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Weed Science Society of America Says There's No Place for Weeds at the Holidays!

The Weed Science Society of America (WSSA) is spotlighting the impact of effective weed control on the holiday traditions we hold most dear – from the foods that grace our holiday table to the decorations that adorn our homes.

“A lot of behind the scenes effort is exerted by growers, land managers and other dedicated professionals to keep weeds at bay,” says Lee Van Wychen, Ph.D., science policy director of WSSA. “The steps they take help us preserve many of our most treasured foods and fun.”

Here are a few examples of the impact effective weed control makes on the holidays:

Christmas trees. A fragrant pine or fir tree is often the centerpiece of a holiday gathering. Successful weed control helps growers produce better-looking Christmas trees – and far more of them. Weeds can shade out young trees, causing their bases to deform and inhibiting the growth of those lovely lateral branches that hold twinkling lights and our favorite ornaments.

Wrapping paper and cards. Those beautiful holiday cards and the festive wrapping paper you use to decorate gifts for family and friends owe their existence to effective weed control. That’s because companies producing paper products rely on a healthy crop of trees. Weeds left uncontrolled in commercial forests can crowd out the new seedlings planted to replace each year’s harvest.

Football. As you cheer for your favorite football team during holiday bowl games, remember success on the field starts at the ground level. A healthy stand of grass cushions falls and provides safe footing. As the turf thins from heavy use, weeds can crowd out the cushioning blades of grass. Turf management specialists use effective weed control techniques to keep the invaders “out of bounds.”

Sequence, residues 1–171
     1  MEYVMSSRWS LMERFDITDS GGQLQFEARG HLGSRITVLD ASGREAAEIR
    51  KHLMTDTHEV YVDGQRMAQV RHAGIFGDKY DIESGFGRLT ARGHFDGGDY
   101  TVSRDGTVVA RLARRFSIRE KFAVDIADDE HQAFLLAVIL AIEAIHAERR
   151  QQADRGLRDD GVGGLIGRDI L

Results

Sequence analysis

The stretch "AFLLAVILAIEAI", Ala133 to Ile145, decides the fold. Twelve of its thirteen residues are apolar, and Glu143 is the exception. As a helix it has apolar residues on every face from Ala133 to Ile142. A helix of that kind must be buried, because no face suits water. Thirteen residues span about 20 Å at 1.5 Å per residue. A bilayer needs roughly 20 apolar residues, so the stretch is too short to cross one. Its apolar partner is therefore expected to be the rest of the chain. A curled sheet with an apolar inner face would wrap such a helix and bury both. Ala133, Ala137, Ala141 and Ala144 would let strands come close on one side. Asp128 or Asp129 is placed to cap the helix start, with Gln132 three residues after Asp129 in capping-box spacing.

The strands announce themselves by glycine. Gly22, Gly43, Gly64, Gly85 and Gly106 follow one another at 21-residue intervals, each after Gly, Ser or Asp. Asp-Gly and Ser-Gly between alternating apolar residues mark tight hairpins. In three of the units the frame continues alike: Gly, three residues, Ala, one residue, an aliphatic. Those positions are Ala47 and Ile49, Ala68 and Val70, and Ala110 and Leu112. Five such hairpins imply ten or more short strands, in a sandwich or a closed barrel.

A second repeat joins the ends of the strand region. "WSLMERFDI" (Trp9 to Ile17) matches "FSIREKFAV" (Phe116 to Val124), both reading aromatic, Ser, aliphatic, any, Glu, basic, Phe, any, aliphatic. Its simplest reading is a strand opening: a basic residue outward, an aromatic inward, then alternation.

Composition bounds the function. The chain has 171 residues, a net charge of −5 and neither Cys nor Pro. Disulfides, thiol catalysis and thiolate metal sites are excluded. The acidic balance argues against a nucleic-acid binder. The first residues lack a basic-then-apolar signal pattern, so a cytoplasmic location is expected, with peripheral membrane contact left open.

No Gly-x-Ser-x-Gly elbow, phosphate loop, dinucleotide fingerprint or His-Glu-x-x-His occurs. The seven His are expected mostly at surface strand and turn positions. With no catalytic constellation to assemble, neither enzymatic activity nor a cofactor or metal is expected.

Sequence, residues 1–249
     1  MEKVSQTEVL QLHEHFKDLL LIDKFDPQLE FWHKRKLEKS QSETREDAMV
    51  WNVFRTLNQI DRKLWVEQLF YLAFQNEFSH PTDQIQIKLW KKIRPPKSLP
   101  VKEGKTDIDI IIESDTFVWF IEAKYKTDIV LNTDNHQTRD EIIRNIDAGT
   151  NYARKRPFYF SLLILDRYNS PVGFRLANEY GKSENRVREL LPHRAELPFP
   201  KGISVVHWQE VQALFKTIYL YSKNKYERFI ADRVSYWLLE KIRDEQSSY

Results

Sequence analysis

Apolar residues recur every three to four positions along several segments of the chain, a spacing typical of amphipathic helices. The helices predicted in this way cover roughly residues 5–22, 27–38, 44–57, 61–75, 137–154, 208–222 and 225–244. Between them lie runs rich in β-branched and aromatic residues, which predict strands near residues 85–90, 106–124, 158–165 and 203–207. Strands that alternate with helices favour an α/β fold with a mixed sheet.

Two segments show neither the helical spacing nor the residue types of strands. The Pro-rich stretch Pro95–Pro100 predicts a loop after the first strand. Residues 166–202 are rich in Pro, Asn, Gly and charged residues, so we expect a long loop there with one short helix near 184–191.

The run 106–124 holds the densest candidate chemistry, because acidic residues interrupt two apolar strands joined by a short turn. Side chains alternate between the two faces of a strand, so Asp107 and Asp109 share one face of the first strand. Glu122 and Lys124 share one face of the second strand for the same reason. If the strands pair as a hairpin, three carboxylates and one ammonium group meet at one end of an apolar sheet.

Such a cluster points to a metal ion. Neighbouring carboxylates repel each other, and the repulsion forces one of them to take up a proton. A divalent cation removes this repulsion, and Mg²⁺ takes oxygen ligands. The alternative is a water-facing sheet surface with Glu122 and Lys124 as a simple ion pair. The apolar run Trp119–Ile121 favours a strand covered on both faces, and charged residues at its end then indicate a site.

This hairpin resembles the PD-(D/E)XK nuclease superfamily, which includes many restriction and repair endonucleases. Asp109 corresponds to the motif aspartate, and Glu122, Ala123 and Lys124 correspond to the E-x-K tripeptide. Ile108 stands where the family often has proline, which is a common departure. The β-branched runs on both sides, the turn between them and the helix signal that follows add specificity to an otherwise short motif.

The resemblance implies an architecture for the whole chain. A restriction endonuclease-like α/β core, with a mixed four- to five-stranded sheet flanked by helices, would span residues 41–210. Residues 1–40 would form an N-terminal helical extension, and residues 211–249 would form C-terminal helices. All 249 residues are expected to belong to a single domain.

Holiday turkeys. Effective weed control also impacts the succulent birds gracing many a holiday table. Uncontrolled weeds on poultry farms interfere with ventilation in the houses where birds are raised, which can result in health problems. Dried weeds can endanger both birds and breeders by becoming a fire hazard – even on a free range farm.
Holiday hams. Farmers producing pork are especially sensitive to weed control issues. Several weed species are poisonous to pigs, including common cocklebur (Xanthium strumarium), jimsonweed (Datura stramonium) and other invasive plants commonly found in pastures.

Sweet potatoes and pumpkins. Whether you prefer tasty sweet potatoes or pumpkin as a side dish or baked into a pie, say a special thanks to growers. To produce a bumper crop for holiday meals, both traditional and organic farmers focus on fighting back weeds that can crowd out crops. They use targeted synthetic or organic herbicides, tillage and hand weeding to ensure the best yield and quality.

Green beans, sweet peas and more. Equally vigilant weed control efforts are behind the beans and peas found on many holiday menus. Both annual and perennial weeds can be problems in all vegetable crops. Weeds compete for space, moisture and nutrients and can harbor insect and disease pests.

Cranberries. Colorful, perennial cranberries present a major weed control challenge. Their low, woody vines form a continuous, lawn-like swath across a bed or bog, making it impossible to till weeds without damaging the crop. Vigilant growers scout beds repeatedly through the growing season to spot problems and control them – pulling weeds by hand, suppressing them with sand, using selective herbicides and/or mowing the surrounding area to keep weeds from spreading.

Electricity. A happy holiday season depends on energy for lights, heating systems, ovens, TV sets and a host of other appliances. Behind the scenes, power companies emphasize effective weed control so workers can maintain and repair vital lines. Unchecked weedy trees and brush can damage lines and obstruct access during an outage.

“Weed control may not sound like an issue close to home and hearth, but it touches many aspects of our lives,” Van Wychen says. “To preserve our favorite holiday traditions, we need to invest in research and in innovative practices for integrated weed management.”

About the Weed Science Society of America:
The Weed Science Society of America, a nonprofit professional society, was founded in 1956 to encourage and promote the development of knowledge concerning weeds and their impact on the environment. The Weed Science Society of America promotes research, education and extension outreach activities related to weeds, provides science-based information to the public and policy makers, and fosters awareness of weeds and their impacts on managed and natural ecosystems, and promotes cooperation among weed science organizations across the nation and around the world. For more information, visit http://www.wssa.net.